For a long time, the Switch has been really hard to find in Japan, with the few units that were getting delivered pretty much flying off the shelves, not even close to satisfying demand.
Back in October, I explored the popular geek neighborhood of Akihabara in Tokyo to show just how hard it was to find a Switch. As a matter of fact, I couldn’t find any specimen of the console that was not pre-owned or massively overpriced.
Now that a year has passed from the release of Nintendo’s successful console, has the situation changed? In order to verify, I came back to Tokyo, and I walked the busy and colorful streets of Akihabara once again.
My first stop was a classic, the Yodobashi Camera megastore close to the station. If you have seen pictures of long lines of Japanese gamers waiting for the newest release, it’s likely that they were taken here.
As soon as I entered the video game area, I was welcomed by a large sign: the bundles with Super Mario Odyssey and Splatoon 2 were unavailable, but both grey and neon stand-alone versions were in stock. The sign mentioned that the console is a popular item, and invited customers to ask directly at the cashier.
Behind the counters, I actually got to see the stock. There was a large pile of Switch consoles ready to be sold, as you can see in the fourth picture in the gallery above.
I was successful on the first try. If I wanted to actually buy a Switch, it would have taken me no more than ten minutes after setting foot outside of the station.
That being said, to better assess the situation of the stock, I decided to visit more shops. My second stop was the second-biggest store, the recently-rebranded Bic Camera.
Even here I found a sign: the situation is slightly different. Only the grey stand-alone version of the Switch was available, while the neon version was sold-out. Interestingly, that’s not the only console that was not available at the store. The slim PS4 with 1 TB hard disk drive and PS4 Pro were both sold out as well.
Unfortunately, no matter how sneaky I was, I could not locate the stock of console behind the counter, and when the employees started sending me strange looks, I opted to strategically withdraw.
The next stop was the Sofmap store on the other side of Showa Dori from Bic Camera.
The Switch was available in both color variations, and I managed to find the stock hidden behind the counter. You can see it in the second picture. While only one unit is visible, it’s likely that the boxes under it contain more consoles. Interestingly, there was a notice mentioning that each customer can only buy one console. This is a pretty common measure to keep scalpers at bay.
My fourth stop was the Sofmap Amusement Store a few hundred meters up Showa Dori.
The Switch was available, and this was the first place in which that wasn’t advertised like it’s a big deal.
All the new units I found at the stores above were priced at the standard 29,970 yen (plus taxes) price suggested by Nintendo. There was no price gouging at all (where you see the price listed at 32,378 yen, that’s because it includes taxes).
For a change of pace, I moved to the main Trader store. The Trader chain specializes in pre-owned goods.
I found several Switch units, priced between 26,600 and 26,800 yen. The fact that the price of pre-owned units has now gone below the suggested price for new ones (contrary to what we found in our previous visits) is a very solid indication that shipments are meeting demand, as no one is desperate enough to purchase overpriced pre-owned units.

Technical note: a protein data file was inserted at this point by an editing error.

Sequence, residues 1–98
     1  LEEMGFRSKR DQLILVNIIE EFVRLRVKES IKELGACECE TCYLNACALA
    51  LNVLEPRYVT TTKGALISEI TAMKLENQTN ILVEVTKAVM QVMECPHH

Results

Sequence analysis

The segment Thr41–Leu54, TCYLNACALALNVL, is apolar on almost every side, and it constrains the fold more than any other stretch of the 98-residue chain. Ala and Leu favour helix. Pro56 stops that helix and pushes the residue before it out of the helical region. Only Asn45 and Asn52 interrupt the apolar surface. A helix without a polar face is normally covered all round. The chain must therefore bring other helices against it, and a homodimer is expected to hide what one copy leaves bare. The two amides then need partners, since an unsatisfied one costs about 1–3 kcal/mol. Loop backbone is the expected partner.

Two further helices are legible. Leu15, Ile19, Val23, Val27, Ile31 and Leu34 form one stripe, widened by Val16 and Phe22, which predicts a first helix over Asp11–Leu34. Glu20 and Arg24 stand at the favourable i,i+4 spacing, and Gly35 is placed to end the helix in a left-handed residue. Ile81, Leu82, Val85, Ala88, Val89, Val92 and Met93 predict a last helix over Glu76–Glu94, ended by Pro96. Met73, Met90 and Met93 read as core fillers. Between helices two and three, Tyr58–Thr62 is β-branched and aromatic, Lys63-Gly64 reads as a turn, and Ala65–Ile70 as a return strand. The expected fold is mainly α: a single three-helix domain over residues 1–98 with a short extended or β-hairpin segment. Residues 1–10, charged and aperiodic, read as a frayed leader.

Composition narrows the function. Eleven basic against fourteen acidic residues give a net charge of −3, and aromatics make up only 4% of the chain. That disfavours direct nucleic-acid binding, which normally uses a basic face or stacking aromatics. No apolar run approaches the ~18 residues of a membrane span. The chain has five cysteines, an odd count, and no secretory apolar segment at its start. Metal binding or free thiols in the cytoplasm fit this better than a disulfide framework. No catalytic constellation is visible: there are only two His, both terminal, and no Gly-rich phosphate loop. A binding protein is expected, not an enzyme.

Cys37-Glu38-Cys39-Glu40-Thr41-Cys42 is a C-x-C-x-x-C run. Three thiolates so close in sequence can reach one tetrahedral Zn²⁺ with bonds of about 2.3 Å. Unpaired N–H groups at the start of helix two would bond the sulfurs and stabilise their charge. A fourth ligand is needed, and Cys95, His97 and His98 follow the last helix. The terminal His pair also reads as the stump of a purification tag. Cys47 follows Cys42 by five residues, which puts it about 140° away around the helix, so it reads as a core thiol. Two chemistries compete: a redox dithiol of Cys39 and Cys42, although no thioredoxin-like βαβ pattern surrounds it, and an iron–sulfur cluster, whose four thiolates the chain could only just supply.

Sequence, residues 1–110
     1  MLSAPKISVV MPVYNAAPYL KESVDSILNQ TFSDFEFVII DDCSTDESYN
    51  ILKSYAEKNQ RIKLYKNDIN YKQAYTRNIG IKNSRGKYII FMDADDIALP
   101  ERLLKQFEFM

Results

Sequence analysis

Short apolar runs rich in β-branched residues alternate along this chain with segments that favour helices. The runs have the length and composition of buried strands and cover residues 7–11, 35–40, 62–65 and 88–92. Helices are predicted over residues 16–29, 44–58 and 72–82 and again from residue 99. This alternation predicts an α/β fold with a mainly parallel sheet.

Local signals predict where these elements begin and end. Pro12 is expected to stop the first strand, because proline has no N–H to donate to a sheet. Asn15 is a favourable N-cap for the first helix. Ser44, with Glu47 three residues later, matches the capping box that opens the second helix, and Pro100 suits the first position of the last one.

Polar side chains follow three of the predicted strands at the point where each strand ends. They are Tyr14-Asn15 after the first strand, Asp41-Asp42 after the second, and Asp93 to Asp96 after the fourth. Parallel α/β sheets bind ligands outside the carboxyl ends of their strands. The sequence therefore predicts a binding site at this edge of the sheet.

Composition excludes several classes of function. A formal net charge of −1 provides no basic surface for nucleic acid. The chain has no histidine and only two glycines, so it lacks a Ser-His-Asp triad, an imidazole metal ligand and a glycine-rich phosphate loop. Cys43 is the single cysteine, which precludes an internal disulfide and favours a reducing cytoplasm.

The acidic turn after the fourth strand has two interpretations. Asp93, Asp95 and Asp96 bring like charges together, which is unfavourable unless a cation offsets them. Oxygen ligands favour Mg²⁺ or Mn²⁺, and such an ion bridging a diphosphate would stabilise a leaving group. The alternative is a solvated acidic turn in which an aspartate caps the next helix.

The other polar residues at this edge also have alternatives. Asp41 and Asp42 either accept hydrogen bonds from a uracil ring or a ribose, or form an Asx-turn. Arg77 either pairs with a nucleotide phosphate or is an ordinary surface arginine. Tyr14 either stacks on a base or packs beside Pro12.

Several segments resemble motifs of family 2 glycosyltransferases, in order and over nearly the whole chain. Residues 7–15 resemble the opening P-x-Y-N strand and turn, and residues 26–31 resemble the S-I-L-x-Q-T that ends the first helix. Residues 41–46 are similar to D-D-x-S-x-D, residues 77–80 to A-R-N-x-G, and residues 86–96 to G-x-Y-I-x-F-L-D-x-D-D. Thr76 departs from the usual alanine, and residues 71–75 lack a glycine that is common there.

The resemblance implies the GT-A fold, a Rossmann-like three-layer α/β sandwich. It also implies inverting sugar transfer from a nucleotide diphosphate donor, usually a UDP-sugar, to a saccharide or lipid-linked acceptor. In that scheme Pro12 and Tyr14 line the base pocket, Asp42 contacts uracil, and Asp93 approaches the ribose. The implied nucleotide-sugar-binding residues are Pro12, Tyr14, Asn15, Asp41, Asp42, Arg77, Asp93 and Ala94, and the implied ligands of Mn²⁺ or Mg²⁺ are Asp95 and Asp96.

Before I left Akihabara in the late afternoon, I went back to Yodobashi Camera, since they had the stock so conveniently displayed.
This visit was about three hours after the first, and as you can see, the console wasn’t flying off the shelves, while still selling steadily. About one layer of the pile was sold during my absence.
After leaving Akihabara, I decided to check out a completely different area and went to explore the Yodobashi Camera store in Shinjuku.
Both colors of the console were available, with the restriction of one purchase per customer. The stock was once more hidden behind the counter with a few units visible, and more presumably in the cardboard boxes under them.
My exploration pretty much proved that the Switch was very easy to find all over Akihabara, and also elsewhere in Tokyo. That being said, the investigation was far from ended, as I could not yet determine whether this was just a recent shipment that would quickly run out of steam, or the situation was stable enough.
I went to all the stores mentioned above on two following days (yesterday and today, to be precise), and the situation remained unchanged. The Switch has been available at all of them for the whole time.
Below you can see the convenient pile at Yodobashi on the second and third day. One layer was gone from Wednesday to Thursday, and two more on Friday. That being said, the console isn’t anywhere close to selling out at the moment.
Interestingly, a hand-written sign appeared today, advising customers that reservations are open for the Splatoon 2 bundle, which will be delivered by Nintendo on March 17th.
From my investigation, we can draw a rather simple conclusion: while the Nintendo Switch is selling very steadily, shipments appear to have normalized, and Nintendo seems to be able to meet the demand from customers.
We recently learned that the Switch sold over 3,800,000 units in Japan during its first year on the shelves. At least for the moment, it appears to be smooth sailing for Nintendo’s latest console.